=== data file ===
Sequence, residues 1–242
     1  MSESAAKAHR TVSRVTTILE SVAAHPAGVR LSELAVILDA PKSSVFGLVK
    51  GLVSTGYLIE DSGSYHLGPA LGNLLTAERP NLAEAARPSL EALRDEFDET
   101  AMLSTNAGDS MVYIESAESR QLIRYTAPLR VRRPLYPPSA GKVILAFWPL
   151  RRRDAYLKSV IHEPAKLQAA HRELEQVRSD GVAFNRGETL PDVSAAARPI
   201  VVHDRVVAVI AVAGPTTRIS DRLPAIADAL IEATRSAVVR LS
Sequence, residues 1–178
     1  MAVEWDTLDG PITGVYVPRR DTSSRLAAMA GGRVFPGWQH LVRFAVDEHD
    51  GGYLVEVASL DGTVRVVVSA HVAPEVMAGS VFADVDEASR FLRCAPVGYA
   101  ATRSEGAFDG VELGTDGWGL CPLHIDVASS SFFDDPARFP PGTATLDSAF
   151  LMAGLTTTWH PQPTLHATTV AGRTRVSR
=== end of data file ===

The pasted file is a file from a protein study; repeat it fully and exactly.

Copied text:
Sequence, residues 1–242
     1  MSESAAKAHR TVSRVTTILE SVAAHPAGVR LSELAVILDA PKSSVFGLVK
    51  GLVSTGYLIE DSGSYHLGPA LGNLLTAERP NLAEAARPSL EALRDEFDET
   101  AMLSTNAGDS MVYIESAESR QLIRYTAPLR VRRPLYPPSA GKVILAFWPL
   151  RRRDAYLKSV IHEPAKLQAA HRELEQVRSD GVAFNRGETL PDVSAAARPI
   201  VVHDRVVAVI AVAGPTTRIS DRLPAIADAL IEATRSAVVR LS
Sequence, residues 1–178
     1  MAVEWDTLDG PITGVYVPRR DTSSRLAAMA GGRVFPGWQH LVRFAVDEHD
    51  GGYLVEVASL DGTVRVVVSA HVAPEVMAGS VFADVDEASR FLRCAPVGYA
   101  ATRSEGAFDG VELGTDGWGL CPLHIDVASS SFFDDPARFP PGTATLDSAF
   151  LMAGLTTTWH PQPTLHATTV AGRTRVSR